Following the American Civil War Sesquicentennial with day by day writings of the time, currently 1863.

by John Beauchamp Jones

            NOVEMBER 5TH.—The President has not yet returned, but was inspecting the defenses of Charleston. The Legislature has adjourned without fixing a maximum of prices. Every night troops from Lee’s army are passing through the city. Probably they have been ordered to Bragg.

            Yesterday flour sold at auction at $100 per barrel; to-day it sells for $120! There are 40,000 bushels of sweet potatoes, taken by the government as tithes, rotting at the depots between Richmond and Wilmington. If the government would wake up, and have them brought hither and sold, the people would be relieved, and flour and meal would decline in price. But a lethargy has seized upon the government, and no one may foretell the consequences of official supineness.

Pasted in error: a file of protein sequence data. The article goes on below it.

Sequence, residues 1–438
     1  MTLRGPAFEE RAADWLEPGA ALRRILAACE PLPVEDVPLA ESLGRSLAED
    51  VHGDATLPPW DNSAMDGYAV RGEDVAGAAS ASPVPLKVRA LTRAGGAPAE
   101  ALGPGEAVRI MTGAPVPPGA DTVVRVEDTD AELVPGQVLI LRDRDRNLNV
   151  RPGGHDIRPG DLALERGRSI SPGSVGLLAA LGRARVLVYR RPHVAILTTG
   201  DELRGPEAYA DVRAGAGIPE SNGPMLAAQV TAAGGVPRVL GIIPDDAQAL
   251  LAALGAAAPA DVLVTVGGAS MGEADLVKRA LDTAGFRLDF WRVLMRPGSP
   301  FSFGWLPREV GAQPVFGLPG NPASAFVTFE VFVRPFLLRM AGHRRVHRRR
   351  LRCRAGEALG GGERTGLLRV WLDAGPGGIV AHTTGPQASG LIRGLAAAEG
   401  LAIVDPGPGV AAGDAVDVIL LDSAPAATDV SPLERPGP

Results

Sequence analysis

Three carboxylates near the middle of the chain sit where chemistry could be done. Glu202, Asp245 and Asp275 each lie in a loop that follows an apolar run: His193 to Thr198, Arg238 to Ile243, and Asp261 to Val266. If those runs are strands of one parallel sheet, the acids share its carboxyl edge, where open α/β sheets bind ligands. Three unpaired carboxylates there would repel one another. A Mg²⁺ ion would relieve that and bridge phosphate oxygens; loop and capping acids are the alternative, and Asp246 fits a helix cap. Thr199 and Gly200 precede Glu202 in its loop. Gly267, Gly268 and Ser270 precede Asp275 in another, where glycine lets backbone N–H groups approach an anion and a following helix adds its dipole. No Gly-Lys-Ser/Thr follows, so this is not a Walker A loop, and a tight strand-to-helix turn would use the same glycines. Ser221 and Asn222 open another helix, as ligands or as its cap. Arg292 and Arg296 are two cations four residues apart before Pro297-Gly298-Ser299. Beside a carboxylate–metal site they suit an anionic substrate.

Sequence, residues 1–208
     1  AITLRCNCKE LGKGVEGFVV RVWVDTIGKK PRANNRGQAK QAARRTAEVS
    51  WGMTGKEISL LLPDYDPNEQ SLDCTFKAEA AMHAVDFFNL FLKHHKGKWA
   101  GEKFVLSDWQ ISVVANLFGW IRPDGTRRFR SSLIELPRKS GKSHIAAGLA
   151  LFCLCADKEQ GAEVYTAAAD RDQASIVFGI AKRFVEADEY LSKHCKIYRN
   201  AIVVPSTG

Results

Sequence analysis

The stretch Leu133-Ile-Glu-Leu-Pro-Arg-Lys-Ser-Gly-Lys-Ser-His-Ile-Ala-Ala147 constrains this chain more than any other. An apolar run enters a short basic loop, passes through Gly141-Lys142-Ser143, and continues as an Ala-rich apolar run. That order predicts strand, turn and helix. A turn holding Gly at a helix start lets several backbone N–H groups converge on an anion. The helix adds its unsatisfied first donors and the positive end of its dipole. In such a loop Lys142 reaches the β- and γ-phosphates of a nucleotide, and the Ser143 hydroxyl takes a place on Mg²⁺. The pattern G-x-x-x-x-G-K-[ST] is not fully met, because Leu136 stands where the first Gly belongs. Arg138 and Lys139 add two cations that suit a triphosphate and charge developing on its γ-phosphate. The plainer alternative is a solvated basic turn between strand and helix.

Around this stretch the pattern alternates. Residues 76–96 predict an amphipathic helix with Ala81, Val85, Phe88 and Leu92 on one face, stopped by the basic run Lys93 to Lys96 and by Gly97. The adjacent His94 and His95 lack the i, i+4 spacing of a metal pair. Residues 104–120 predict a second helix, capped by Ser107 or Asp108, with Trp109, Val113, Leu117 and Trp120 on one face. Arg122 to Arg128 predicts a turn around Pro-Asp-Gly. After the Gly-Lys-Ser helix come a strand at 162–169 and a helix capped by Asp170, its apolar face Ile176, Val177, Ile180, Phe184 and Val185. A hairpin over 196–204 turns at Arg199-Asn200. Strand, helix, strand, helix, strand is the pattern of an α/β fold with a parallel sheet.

The enemy at Chattanooga have got an advantageous position on Bragg’s left, and there is much apprehension that our army will lose the ground gained by the late victory.

            The Commissary-General (Northrop) has sent in his estimate for the ensuing year, $210,000,000, of which $50,000,000 is for sugar, exclusively for the hospitals. It no longer forms part of the rations. He estimates for 400,000 men, and takes no account of the tithes, or tax in kind, nor is it apparent that he estimates for the army beyond the Mississippi.

            A communication was received to-day from Gen. Meredith, the Federal Commissioner of Exchange, inclosing a letter from Gov. Todd and Gen. Mason, as well as copies of letters from some of Morgan’s officers, stating that the heads of Morgan and his men are not shaved, and that they are well fed and comfortable.

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